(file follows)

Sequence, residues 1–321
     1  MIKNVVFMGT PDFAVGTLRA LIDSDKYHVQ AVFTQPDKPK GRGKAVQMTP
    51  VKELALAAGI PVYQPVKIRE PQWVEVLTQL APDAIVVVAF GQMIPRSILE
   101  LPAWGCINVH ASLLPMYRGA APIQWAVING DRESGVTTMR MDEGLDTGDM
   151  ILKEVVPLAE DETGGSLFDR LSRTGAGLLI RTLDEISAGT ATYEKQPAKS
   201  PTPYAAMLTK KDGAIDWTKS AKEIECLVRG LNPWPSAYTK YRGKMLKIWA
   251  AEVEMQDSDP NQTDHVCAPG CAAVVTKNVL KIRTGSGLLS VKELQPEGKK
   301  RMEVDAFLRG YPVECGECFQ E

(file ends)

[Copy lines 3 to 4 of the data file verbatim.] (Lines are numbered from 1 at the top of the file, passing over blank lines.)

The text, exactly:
    51  VKELALAAGI PVYQPVKIRE PQWVEVLTQL APDAIVVVAF GQMIPRSILE
   101  LPAWGCINVH ASLLPMYRGA APIQWAVING DRESGVTTMR MDEGLDTGDM